A Town Taken Back By The Desert- Rhyolite Nevada
It's hard to believe in the early 1900's this town was a booming mining town of over 20,000 residents. It's name is Rhyolite Nevada and just as quickly as it was a booming mining metropolis, by 1920 it was all but as ghost town with few residents remaining as the mines dried up.
You pass the turn off for this ghost town as you head to the iconic Death Valley National Park in California. If your looking for the type of ghost town that has cheesy actors doing fake gun fights or cheap souvenirs then you won't like this place. As a lover of art, travel and history this is one of my favorite places. If you take the time to read up on this town and know the long colorful history you would love it as much as I do.
Over the decades this town has had many revivals. I heard the stories of in the 1930s to the 1950s an old couple who loved the town so much would sell craft, canned preserves, and lemonade to the tourists driving past to go to iconic Death Valley. In the 1950's until the late 1970's a high roller private casino was here that many celebrities frequented because it was closer to Hollywood then Las Vegas and they enjoyed the privacy. People like Lucile Ball and Spencer Tracy. After the casino closed it sat until the mid 1980's and Rhyolite became a living art exhibit.
Sadly now only a couple residents remain, and the visitors center is still there but has never been opened on the visits I have made. A number of years ago the last store burned to the ground and this place seems all but forgotten. Tourists hearing "Ghost Town" and expecting gun fight reenactments and souvenir t-shirts have also given the place a bad rap.
I love Rhyolite and it is one of my favorite places. You can feel the history as you explore the old buildings. You can imagine the 20,000 people that once called this home and the place it once was. The remaining roads have "Beware of Rattle Snake" signs, and the remnants of rusted household wares can be found if you look. The casino still stands but it's an empty shell of a once beautiful place that is now fenced off due to spray painting vandals in the last couple years. You used to really be able to explore it, but that's when people respected the history and didn't try to ruin it. The art pieces still stand and the "Ghost" series is breath taking in the sunrise or sunset. To me if you love true history Rhyolite is a must stop on your travels in Nevada or to Death Valley. It really will take your ignite your imagination!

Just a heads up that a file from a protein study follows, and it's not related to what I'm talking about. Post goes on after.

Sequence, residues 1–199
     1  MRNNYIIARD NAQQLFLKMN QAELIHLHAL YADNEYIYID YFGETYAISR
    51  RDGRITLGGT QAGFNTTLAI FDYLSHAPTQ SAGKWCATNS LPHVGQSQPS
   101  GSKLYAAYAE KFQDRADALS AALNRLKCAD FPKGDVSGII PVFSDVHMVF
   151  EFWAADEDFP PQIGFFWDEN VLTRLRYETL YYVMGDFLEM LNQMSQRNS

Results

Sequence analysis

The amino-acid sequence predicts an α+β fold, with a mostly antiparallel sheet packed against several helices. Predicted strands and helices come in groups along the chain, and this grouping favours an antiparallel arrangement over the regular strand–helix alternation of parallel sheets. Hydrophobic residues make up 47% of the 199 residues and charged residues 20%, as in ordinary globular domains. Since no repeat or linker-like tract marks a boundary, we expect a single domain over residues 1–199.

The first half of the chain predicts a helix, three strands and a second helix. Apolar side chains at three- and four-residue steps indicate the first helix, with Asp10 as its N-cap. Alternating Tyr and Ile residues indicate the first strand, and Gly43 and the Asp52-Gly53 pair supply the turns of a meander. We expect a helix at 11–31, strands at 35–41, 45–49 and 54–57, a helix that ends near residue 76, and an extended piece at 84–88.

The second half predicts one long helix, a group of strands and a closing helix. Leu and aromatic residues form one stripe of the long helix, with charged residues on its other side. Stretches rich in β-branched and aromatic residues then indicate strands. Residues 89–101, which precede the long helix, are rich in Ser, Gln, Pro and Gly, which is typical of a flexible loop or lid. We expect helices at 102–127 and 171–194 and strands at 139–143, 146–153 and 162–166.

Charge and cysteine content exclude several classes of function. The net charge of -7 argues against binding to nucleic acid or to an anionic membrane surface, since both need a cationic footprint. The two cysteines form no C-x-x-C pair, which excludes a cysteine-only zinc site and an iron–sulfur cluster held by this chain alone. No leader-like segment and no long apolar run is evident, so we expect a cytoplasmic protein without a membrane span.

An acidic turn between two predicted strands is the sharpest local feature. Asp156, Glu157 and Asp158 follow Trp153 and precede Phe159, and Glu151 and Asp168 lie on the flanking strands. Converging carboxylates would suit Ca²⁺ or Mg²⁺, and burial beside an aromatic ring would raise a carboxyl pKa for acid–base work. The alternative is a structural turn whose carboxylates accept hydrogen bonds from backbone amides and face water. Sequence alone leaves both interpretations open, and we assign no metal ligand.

Sadly I don't know how much longer this wonderful place will exist as decay, the desert and vandals all seem intent on the legacy and history of this town vanishing completely.
About a mile out of town in the desert sits an old graveyard that houses the dead of the folks who called Rhyolite home. I will never forget the feeling that came over me on my visit to pay my respects. As the graves have a beautiful view of the Sierra Nevada Mountains in the far distance it was so quiet. Like a "QUIET" I never heard before! No birds, no planes....not even the wind. Just a nothingness. I'm sure those departed didn't feel it, but honestly a pure sad lonely feeling came over me. I couldn't imagine my final resting place being a place so lonely in the middle of the desert. One poor grave was just outside the small cemetery fence. You had to wonder what that person had done to not be included into the sacred ground. History has kept that secret for all time.
On leaving from my last visit to this historic magical town, I did come across some residents I hadn't met previously. A couple beautiful wild mules. One brown and one black in color. They looked as surprised to see me as I was to see them but were kind enough to stop and pose for photos before we all went our separate ways. I really hope someone sees the magic in Rhyolite as much as I do and helps preserve it's history the way it is.
If you love cool places, history and the stories of human beings- Rhyolite really is the place to go and is awesome to explore. If your just looking for scripted gun fights and fake cowboys then keep driving past the turnoff on your way to Death Valley because this place isn'y for you. I love Rhyolite and the story this place tells of how precious life is and how important it is to remember the history of this country and the places/ people who helped bring it to life.